Monday, September 12, 2005

Bitt Enders

Last week marked a big milestone for Bilges: After eight months of gradually accelerated blogging, culminating in a burst of post-Katrina commentary, I attracted links from some of the majors. Big thanks to Michelle Malkin, Sean Hackbarth of The American Mind, and especially Bryan Preston of JunkYardBlog. Since there's clearly a giant untapped market for my opinions I'm starting this semi-regular 'Bitt Enders' feature today. Thousands of Desperate Columnists Don't miss this entertaining piece of writing from Irish columnist Newton Emerson on the American press reaction to Katrina. Go Pats! When I learned of the NFL's opening-night lineup of unpatriotic, Bush-bashing musicians I decided to black-out the TV until after kickoff. When I heard that Kanye West was booed "thunderously...for much of his number" I regretted my decision. Bostonians, I'm sorry for half-heartedly rooting against your team. Now please do something about those two senators... All the Wrong Lessons The San Diego City Beat publishes a riveting firsthand account from inside the Superdome by UC San Diego employee Paul Harris. But some jarring discordances are sprinkled through his narrative, such as when, with order disintegrating in the dome's darkness, he snidely comments that:

Our anger toward FEMA and the Bush administration grew. We truly believed that we might die. Spoken or unspoken, most of us knew that if our resources and soldiers were not in Iraq, we would have had more than enough troops and support.

Was he really thinking this at the time? Does liberal Bushophobia run so deep? Or did this line of thought coalesce to conform with regnant press memes after his escape to San Francisco? And more:

Fortunately, a soldier, Staff Sgt. Ogden, saved our group of 100. I am thankful beyond words for the work he did in arranging to get us out. I don’t know if he did this because he liked us, or he knew we were in danger, or if it was racism, or if he realized that if one of the international students was raped or murdered that would be a huge embarrassment for President Bush.

He was worried his group was moved from the Superdome because of racism! But let's be realistic. Anyone who stands out in a hostile environment is more likely to become a target. His group was mostly white and mostly foreign--doubly different from most of those in the Superdome. Is this racism? Is it racism for an American in Iraq to use taxis for one-block trips in Basra? That's what journalist Steven Vincent neglected to do and the result was his kidnapping and death. When Americans in Central America hire bodyguards against kidnapping are they also racists? Racism is real among both blacks and whites. But it's not racism to realize that a white in a mostly black ghetto is more likely to be targeted by racist black criminals than another black. Harris goes on:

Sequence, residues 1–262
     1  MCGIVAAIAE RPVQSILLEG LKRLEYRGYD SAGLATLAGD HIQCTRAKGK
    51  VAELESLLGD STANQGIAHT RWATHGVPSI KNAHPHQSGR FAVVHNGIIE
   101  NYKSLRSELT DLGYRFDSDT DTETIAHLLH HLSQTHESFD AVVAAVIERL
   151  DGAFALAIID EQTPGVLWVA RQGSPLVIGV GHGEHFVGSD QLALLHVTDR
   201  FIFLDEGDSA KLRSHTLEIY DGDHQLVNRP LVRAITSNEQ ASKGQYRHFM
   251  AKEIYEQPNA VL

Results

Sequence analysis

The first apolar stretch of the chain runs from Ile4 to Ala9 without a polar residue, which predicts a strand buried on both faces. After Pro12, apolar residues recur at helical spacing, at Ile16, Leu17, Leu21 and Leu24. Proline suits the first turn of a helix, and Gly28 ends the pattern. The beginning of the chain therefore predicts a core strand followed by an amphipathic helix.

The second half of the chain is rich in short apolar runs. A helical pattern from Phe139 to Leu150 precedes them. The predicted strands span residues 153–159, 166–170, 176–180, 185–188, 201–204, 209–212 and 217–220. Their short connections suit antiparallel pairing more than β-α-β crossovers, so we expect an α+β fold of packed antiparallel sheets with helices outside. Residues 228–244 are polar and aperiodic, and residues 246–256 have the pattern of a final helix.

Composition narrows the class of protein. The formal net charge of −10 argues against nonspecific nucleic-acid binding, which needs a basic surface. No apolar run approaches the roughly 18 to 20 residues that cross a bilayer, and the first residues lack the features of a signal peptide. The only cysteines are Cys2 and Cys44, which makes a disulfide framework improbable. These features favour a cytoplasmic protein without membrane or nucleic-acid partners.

Finally, we made it out of the Hyatt under armed guard after more false hopes. We wrote our thoughts down on plywood inside the lobby, many of them about the federal government and how its inaction could have killed us, and how it led to the suffering and deaths of many others.

They wrote graffiti blaming the federal government for Katrina! This whole thing reminds me of the liberal writer (I can't remember his name) who recently had a stroke, woke up from his hospital bed, and first thing was upset to remember that Bush beat Kerry! Talk about backwards priorities. All is Not Well On the Anniversary of 9/11 Is it not a sign of the enervating intellectual debauchery of our culture that on the anniversary of 9/11 two of the most prominent stories in the blogsphere are the unveiling of a Flight 93 memorial modeled after the Islamic crescent and CNN's proud demand to show the bodies of Katrina victims as they are discovered? That's the same CNN who, as has been pointed out by many others, refused to show the bodies of 9/11 victims for fear of inflaming American opinion against our enemies. Post Bias The Washington Post ran a long story on New Orleans and Katrina this past Sunday. It has more problems than I have time to comment on, but I couldn't resist highlighting one gem:

The federal disaster response plan hinges on transportation and communication, but National Guard officials in Louisiana and Mississippi had no contingency plan if they were disrupted; they had only one satellite phone for the entire Mississippi coast, because the others were in Iraq.

Is there any doubt that the reporter's ears perked up, that his grin grew a little wider when he heard this? Would it have merited mention if the phones were in Germany, say, or South Korea? Of course not. But it fits the Bush-caused-Katrina story line doesn't it? Yet it tells us nothing really. How many of the phones are in Iraq? One? Two? A dozen? Do National Guard communication plans normally depend on satellite phones? If so why didn't they buy more? Is there any doubt that with a slight twist of fate--say a Mississippi Guard unit gets cut-off in Fallujah and takes heavy casualties--we could be reading that the incompetent Bush administration didn't send enough satellite phones to Iraq?

No comments: